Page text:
One way to limit this stress is to agree on collaborative norms. For example, a team might agree to only use bullets on email. And if a longer explanation is required or a disagreement seems to be brewing, the team agrees to meet face to face. We find a simple exercise of asking teams to agree to three positive norms across all modes of collaboration that they want to sustain and three negatives they want to stop (e.g., emailing at night, hitting reply to all on mundane responses, etc.) can generate 8–12% time savings across teams, allowing them more time to focus on the actual work. Technology itself is not necessarily a bad thing, but the culture that springs up around using that technology is where microstress creeps in.
Teams can also limit the set of tools they’re using and bake them into the work in a way which reduces human transaction costs. Focus on maximizing technology that helps eliminate or reduce the costs of mundane tasks, e.g. setting up workflows on Slack or recurring meetings to ensure appropriate check ins don’t slip through the cracks because they’re relying on a team member to set up and coordinate. Encourage the team to invest time in learning the tools and share their productivity tips and tricks. And avoid new tools or multiple tools that inadvertently becoming new sources of work or complexity e.g. through cumbersome sign on procedures or lack of mutual compatibility. Too often teams aren’t consulted about which tools will actually help their productivity.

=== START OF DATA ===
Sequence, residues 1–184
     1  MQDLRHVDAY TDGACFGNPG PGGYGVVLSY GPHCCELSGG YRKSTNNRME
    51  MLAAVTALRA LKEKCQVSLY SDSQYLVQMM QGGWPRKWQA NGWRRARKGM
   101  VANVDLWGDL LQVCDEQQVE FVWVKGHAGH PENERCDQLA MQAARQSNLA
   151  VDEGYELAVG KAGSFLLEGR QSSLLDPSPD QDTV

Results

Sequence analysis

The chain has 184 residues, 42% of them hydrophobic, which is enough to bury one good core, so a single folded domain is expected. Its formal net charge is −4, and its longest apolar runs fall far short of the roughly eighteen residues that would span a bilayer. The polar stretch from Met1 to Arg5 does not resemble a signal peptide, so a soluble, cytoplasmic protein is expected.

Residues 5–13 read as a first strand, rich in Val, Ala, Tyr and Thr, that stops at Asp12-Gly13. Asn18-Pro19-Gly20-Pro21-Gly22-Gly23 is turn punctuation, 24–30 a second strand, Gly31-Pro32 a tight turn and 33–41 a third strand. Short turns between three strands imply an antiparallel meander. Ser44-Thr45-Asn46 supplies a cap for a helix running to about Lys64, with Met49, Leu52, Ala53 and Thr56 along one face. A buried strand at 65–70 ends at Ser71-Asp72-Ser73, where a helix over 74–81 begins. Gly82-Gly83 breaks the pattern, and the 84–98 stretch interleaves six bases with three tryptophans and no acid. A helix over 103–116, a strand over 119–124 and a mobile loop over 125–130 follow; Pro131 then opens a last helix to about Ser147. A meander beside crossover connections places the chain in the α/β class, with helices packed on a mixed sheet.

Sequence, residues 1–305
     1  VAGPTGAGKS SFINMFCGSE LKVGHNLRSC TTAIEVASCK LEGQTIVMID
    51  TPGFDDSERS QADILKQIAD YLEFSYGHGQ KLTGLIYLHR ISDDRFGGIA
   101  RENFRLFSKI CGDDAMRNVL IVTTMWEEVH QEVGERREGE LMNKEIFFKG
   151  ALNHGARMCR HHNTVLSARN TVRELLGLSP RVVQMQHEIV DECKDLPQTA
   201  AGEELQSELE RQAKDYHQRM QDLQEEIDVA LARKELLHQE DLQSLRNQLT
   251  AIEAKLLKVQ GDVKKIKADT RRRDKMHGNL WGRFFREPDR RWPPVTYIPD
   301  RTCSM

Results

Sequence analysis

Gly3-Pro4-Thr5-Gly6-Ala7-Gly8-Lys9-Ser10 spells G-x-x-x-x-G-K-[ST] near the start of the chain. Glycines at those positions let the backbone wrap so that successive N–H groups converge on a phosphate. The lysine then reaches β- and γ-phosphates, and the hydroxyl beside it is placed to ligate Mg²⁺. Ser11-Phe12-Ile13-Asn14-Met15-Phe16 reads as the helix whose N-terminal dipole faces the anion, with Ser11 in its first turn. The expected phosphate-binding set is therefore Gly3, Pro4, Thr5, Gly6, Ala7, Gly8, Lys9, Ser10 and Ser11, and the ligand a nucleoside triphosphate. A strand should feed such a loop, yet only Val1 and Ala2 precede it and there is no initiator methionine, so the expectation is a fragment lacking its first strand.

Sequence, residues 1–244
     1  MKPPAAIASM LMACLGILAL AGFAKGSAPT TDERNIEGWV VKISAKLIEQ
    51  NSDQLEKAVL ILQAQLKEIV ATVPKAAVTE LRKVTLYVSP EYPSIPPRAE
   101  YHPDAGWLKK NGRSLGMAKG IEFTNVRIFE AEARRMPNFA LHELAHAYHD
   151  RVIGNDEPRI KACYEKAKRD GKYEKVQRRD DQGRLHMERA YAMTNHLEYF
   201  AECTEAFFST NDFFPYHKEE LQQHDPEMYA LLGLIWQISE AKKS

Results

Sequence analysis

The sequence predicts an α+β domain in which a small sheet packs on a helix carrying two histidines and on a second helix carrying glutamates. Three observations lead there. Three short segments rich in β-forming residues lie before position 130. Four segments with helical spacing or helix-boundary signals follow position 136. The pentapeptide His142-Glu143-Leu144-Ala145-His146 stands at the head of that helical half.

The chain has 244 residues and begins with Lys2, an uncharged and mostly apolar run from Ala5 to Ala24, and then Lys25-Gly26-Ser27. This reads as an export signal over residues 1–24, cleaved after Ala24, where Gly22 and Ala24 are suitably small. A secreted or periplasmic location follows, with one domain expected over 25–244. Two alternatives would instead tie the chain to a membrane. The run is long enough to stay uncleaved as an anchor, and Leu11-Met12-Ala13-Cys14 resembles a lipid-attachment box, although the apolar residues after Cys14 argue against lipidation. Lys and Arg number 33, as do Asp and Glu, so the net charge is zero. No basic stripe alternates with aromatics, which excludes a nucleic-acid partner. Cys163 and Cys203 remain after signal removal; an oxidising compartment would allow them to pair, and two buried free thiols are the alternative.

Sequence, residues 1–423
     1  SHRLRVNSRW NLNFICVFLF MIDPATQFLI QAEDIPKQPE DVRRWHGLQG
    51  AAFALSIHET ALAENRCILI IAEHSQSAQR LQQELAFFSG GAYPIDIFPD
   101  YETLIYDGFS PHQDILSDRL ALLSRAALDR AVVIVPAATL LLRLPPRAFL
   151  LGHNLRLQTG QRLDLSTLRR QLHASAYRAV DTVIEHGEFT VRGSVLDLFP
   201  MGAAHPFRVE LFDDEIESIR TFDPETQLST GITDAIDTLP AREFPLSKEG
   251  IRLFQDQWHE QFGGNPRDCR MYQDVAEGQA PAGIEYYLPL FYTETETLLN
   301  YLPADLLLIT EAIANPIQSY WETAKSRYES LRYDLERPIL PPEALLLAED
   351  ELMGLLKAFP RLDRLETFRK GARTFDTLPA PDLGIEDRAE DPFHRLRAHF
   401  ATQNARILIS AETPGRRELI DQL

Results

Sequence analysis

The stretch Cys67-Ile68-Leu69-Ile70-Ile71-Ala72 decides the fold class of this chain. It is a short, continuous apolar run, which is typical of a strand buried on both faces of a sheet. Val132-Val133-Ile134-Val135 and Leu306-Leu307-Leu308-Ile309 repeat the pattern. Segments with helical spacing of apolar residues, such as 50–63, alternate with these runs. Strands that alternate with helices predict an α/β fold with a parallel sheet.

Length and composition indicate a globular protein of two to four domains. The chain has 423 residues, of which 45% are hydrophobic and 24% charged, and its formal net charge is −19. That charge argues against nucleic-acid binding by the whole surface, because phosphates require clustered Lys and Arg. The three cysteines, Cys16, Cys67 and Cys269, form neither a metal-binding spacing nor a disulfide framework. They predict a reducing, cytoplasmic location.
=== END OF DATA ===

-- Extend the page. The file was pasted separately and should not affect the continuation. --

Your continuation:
Has the profusion of teams spiked employees’ microstress?
One of the unintended consequences of organizations relying on teams that are assembled for projects is that teams have less time to build the kind of trust that is essential for efficient collaboration. And that happens repeatedly because many organizations require employees to contribute to five or six team efforts (in addition to their primary team) and have often let these groups grow too large, with the average team size hovering around 15.
To avoid team growth from causing trouble, don’t let “flexible” turn into inefficient. Some organizations trying to attract and retain top talent during the great resignation (and quiet quitting) have implemented talent marketplaces which allow employees to locate projects they would like to work on or roles they want to fill as they chart their own career progression. Though well-intended as a talent retention tool, these shifts create inefficiencies in the network that most organizations do not account for. These programs are well-received by the employees but induce microstresses on both the team the employee is leaving and the one they are ported into, as they suddenly have to redirect and shape key working relationships with new people. One life sciences organization we worked with modeled the relational cost (the “switching costs” on work relationships and productivity of continually rotating teams) and determined that it didn’t make sense for anyone to switch roles or teams in less than fifteen months because both the team and the rotating employee would fail to optimize the opportunity.
Companies must also ensure that their return-to-office plan doesn’t create hidden stress. About 80% of companies are opting to require employees to be in the office three days a week, according to research from i4cp (the Institute for Corporate Productivity). To soften the blow and ensure flexibility, about half of those companies are allowing employees to pick the days they want to return.